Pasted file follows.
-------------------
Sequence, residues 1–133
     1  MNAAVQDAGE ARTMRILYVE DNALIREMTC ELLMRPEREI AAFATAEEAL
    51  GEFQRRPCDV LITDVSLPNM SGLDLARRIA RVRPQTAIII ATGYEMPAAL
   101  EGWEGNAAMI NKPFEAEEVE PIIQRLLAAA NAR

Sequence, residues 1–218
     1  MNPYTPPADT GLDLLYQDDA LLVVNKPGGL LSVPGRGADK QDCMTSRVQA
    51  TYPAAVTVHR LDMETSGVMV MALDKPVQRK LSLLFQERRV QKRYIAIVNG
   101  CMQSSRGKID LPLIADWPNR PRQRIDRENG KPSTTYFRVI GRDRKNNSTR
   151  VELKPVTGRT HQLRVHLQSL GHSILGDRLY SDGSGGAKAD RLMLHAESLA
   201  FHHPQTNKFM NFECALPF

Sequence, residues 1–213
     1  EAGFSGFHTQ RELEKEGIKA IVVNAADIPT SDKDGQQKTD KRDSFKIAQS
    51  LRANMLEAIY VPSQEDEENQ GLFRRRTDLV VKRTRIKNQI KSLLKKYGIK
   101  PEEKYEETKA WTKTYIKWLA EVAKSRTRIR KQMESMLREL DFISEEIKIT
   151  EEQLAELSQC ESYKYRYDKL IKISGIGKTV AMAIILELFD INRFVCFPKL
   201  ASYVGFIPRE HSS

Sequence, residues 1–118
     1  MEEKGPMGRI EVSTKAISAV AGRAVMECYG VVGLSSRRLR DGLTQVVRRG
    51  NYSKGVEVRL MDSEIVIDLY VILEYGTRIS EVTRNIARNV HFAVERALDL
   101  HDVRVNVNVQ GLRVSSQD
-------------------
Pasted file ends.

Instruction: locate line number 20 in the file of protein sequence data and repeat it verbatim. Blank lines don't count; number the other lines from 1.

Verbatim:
   101  HDVRVNVNVQ GLRVSSQD